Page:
A year ago, Lies was saved from poachers. Her rescuers gave her everything she needed to grow strong, but there was one thing missing: home. Then one day, Lies’ carers took her somewhere, and she watched with growing excitement as more and more trees came into view.
Lies is a pangolin – a rare species of mammal that rolls into a ball when in danger, using its hard scales to protect itself. However, there are some threats that their armor can’t protect them from. In fact, their scales are one reason why they’re targeted.
That’s because pangolin scales are a highly desired ingredient in some branches of traditional Chinese medicine. There is no scientific evidence to support this practice, but unfortunately it has made pangolins a target. That’s not the only reason they’re prized amongst poachers, either.
Despite laws created to protect pangolins, their meat is also a delicacy in some parts of Africa and Asia. As a result, hunters have brought these shy and timid creatures close to extinction. They’re now considered the world’s most trafficked creature.
In 2017, rescuers struck it lucky and saved a young pangolin from traffickers in Liberia. Jenny Desmond, the co-founder of Liberia Chimpanzee Rescue and Protection (LCRP) assisted with the operation. She spoke to The Dodo about it on March 22, 2018.
“They’re sold here live on the streets of Monrovia,” she explained. “Our law enforcement task force is currently putting systems in place to combat this ASAP.” Desmond added that as far as she knew, this pangolin was the first living specimen ever rescued in Liberia.
But LCRP wasn’t the only rescue group on hand to help the pangolin. She was sent to the Libassa Wildlife Sanctuary (LiWiSa), whose manager at the time, Julie Vanassche, took charge. Vanassche intended to nurse the pangolin back to health with the ultimate goal of releasing her.
Vanassche named the pangolin after a Belgian friend called Lies and prepared to raise her. But there was one problem – Lies was her first pangolin rescue. Furthermore, pangolins are notoriously difficult to raise in captivity, so Vanassche had her work cut out for her.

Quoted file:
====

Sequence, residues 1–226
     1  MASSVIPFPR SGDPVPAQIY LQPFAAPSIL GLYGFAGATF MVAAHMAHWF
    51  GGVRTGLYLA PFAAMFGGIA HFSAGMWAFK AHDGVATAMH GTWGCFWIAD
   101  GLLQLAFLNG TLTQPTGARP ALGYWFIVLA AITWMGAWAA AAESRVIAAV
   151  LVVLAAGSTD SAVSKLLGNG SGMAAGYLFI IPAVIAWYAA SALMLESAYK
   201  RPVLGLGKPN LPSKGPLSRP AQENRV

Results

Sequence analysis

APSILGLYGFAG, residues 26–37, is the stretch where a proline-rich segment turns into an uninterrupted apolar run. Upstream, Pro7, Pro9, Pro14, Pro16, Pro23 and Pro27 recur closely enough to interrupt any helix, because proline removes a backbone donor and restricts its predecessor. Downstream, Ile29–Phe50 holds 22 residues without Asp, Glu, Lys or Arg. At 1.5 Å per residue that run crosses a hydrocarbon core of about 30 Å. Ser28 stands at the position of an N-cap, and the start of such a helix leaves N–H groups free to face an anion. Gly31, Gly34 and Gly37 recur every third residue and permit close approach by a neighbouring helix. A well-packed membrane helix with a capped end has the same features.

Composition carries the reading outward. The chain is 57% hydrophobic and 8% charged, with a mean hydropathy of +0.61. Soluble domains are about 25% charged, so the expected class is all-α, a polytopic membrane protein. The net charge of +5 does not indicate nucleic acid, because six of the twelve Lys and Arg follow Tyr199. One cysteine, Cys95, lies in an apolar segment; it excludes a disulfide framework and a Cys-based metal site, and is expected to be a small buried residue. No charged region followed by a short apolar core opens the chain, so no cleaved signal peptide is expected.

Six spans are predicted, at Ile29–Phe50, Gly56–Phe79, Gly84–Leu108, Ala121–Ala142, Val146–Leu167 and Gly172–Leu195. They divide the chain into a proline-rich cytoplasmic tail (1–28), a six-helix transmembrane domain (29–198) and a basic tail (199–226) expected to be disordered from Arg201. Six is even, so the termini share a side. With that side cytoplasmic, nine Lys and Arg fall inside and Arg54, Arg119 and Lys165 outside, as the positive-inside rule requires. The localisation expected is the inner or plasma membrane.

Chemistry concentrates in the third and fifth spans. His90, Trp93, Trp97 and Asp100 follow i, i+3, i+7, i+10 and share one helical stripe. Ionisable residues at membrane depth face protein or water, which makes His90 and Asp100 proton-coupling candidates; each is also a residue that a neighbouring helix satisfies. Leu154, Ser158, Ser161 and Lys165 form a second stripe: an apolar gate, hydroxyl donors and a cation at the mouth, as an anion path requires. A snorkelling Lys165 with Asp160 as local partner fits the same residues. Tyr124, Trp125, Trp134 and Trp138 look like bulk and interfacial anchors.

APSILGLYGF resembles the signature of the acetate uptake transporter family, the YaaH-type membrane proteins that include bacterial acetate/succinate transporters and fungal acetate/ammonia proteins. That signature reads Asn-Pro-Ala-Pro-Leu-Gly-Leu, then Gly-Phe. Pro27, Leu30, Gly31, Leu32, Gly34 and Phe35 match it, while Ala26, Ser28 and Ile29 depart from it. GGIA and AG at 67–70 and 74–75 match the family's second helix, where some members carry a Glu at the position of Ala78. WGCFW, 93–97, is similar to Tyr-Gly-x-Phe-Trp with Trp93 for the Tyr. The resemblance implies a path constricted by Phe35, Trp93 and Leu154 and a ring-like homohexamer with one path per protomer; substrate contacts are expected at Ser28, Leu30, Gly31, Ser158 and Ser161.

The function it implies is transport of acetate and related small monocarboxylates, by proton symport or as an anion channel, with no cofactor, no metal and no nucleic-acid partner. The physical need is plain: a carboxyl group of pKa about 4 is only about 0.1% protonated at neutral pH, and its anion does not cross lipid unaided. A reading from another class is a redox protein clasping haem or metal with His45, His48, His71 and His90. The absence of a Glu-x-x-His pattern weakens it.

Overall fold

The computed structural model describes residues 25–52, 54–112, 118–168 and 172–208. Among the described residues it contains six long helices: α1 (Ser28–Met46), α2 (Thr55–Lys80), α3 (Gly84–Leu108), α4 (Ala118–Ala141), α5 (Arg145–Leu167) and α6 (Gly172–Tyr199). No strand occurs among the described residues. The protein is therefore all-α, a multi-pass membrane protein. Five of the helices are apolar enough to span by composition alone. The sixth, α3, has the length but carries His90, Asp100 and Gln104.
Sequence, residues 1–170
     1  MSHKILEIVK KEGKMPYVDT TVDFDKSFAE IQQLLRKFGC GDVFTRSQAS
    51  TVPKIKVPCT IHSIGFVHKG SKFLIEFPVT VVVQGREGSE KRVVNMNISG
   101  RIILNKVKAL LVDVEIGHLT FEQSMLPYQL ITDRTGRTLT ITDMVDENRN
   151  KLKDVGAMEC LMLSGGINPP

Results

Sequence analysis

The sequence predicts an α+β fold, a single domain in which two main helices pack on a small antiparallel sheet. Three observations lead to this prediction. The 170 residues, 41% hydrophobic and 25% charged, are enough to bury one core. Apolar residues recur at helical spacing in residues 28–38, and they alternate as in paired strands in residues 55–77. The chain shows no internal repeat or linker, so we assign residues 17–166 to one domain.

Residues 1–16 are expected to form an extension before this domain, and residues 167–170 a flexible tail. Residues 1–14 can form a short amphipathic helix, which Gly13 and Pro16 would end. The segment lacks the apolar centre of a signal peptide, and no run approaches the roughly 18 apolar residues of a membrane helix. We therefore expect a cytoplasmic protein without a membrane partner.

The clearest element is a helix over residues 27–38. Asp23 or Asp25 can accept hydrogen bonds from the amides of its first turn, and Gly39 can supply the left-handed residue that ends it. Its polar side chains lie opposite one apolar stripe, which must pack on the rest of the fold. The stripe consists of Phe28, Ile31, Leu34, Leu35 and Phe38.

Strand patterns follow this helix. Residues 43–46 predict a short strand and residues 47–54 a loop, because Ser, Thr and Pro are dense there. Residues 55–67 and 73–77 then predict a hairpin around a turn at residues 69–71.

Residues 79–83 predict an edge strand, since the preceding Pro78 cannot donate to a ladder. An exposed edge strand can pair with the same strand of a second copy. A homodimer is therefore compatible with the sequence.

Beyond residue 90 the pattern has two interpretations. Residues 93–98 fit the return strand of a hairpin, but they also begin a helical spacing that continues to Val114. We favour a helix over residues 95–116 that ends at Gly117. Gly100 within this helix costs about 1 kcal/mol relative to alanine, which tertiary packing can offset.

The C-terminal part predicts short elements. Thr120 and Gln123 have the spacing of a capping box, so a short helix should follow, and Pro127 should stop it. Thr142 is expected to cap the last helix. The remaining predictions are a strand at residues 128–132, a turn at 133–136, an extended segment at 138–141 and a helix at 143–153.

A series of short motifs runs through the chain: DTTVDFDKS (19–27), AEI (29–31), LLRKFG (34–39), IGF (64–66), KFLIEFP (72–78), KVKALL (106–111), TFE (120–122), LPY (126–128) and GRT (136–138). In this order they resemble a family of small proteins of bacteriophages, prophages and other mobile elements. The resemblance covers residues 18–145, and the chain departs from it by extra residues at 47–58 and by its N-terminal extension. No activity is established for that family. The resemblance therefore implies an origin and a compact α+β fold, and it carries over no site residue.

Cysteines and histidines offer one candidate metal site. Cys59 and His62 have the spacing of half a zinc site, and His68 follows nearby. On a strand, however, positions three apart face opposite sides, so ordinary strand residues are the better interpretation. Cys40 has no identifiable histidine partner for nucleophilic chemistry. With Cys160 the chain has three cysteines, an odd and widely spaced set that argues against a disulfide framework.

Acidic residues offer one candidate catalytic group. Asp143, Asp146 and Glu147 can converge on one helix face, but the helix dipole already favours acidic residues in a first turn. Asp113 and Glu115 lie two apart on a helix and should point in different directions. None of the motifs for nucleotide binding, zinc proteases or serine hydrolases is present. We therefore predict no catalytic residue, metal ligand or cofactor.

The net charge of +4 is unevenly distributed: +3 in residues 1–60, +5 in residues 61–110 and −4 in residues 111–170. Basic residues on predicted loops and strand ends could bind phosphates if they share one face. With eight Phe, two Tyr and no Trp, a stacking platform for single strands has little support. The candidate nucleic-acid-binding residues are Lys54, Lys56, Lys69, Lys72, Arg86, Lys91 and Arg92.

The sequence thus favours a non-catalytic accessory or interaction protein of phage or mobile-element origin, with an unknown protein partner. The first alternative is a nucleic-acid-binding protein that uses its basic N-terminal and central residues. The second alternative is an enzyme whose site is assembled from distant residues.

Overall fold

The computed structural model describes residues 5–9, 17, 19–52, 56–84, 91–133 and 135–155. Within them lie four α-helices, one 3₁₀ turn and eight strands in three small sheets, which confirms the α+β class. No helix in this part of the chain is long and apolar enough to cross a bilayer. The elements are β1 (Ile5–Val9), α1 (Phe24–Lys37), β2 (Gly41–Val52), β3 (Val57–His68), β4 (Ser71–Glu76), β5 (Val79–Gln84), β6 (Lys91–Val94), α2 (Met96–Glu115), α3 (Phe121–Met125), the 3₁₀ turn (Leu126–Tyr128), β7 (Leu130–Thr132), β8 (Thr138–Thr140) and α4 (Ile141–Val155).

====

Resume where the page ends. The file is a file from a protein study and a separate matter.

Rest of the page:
With that in mind, she called Zimbabwe’s Tikki Hywood Foundation (THF) and spoke to Lisa Hywood. Hywood told The Dodo that the information exchange didn’t just bring her and Vanassche together. It also united the two rescue groups in a way that will benefit future projects.
“Julie and I talked [about the] pangolin daily,” Hywood described. “We have all created a lifetime bond which will I believe only become stronger over time. And together we will continue to save multiple species including the pangolin.”
“We all came to meet up with one another through the rescue of this one little lady, Lies,” Hywood concluded. Despite the trials of raising a young pangolin, Vanassche rose to the challenge with Hywood’s help. Over the next year, Lies grew strong.
Desmond said that another person also assisted in raising the pangolin. “[Lies] spent most of the last year being ‘walked’ multiple times a day by her Liberian caregiver, Angie. She became a very independent young lady,” she explained to The Dodo.
Since Lies developed so well, her carers knew it was time to reintroduce her to the wild. Consequently, in early March 2018 they put Lies in a crate and took her out into the forest. She watched the scenery go by intently from her container as they went.
As soon as the pangolin saw the forest approach, however, she was instantly alert. She stayed that way until rescuers carried her crate into the forest and opened its door. Finally, Lies was home again, and it seemed as though she knew it.
Lies’ curiosity turned to excitement when she stepped out of her cage and viewed her surroundings. The first thing she did was go in search of food. Pangolins exist entirely on insects – with ants being their favored choice – and Lies knew just where to find some.
LCRP described Lies’ release on Facebook on March 12, 2018. “After a very lengthy and labor intensive rehabilitation process, it surely didn’t take long for Lies to find her dinner,” they wrote. After that, the little pangolin ran off into the trees and out of sight.
And in case you are worrying about Lies being recaptured and trafficked, you don’t need to. “She is now back in the forest on LCRP’s new land,” Desmond told The Dodo. “[She’s] free and wild and with tons of ants!”
Lies’ rescue wouldn’t have been possible without the help of all the organizations that pitched in. The good news is that their collaboration has inspired them to work together in the future, too. That is promising news for the other pangolins out there faced with extinction.
Within the past ten years, traffickers victimized more than a million pangolins. As a result, the International Union for Conservation of Nature (who came up with that estimate) have classified four pangolin species as vulnerable. Two other species are endangered, and the last two are critically endangered.
Habitat loss has also played a part in the looming downfall of the species. Thanks to conservationists, though, the fight is on the save the pangolin species from extinction. And if Lies’ rescue shows us anything, it’s that there is still hope for them yet.